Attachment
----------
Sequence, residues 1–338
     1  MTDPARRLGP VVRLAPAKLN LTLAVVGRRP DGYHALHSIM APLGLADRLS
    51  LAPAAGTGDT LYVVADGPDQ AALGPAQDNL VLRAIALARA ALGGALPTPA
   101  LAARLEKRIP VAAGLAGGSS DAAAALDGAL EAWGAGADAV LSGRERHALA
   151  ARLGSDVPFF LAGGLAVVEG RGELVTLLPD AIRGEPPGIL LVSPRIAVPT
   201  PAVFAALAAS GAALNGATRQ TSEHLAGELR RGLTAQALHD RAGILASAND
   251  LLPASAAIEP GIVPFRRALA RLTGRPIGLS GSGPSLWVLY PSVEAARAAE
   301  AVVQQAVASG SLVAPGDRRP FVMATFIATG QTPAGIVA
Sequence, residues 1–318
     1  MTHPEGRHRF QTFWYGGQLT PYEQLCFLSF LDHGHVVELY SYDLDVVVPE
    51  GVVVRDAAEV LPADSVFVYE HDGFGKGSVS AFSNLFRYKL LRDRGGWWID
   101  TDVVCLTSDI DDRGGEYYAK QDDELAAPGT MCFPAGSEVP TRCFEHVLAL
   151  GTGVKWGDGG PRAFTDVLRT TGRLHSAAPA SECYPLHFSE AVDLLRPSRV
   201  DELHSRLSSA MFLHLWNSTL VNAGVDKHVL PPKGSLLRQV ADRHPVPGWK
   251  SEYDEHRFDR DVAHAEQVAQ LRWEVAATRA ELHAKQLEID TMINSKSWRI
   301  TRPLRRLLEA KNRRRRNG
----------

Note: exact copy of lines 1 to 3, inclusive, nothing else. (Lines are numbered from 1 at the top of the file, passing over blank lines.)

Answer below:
Sequence, residues 1–338
     1  MTDPARRLGP VVRLAPAKLN LTLAVVGRRP DGYHALHSIM APLGLADRLS
    51  LAPAAGTGDT LYVVADGPDQ AALGPAQDNL VLRAIALARA ALGGALPTPA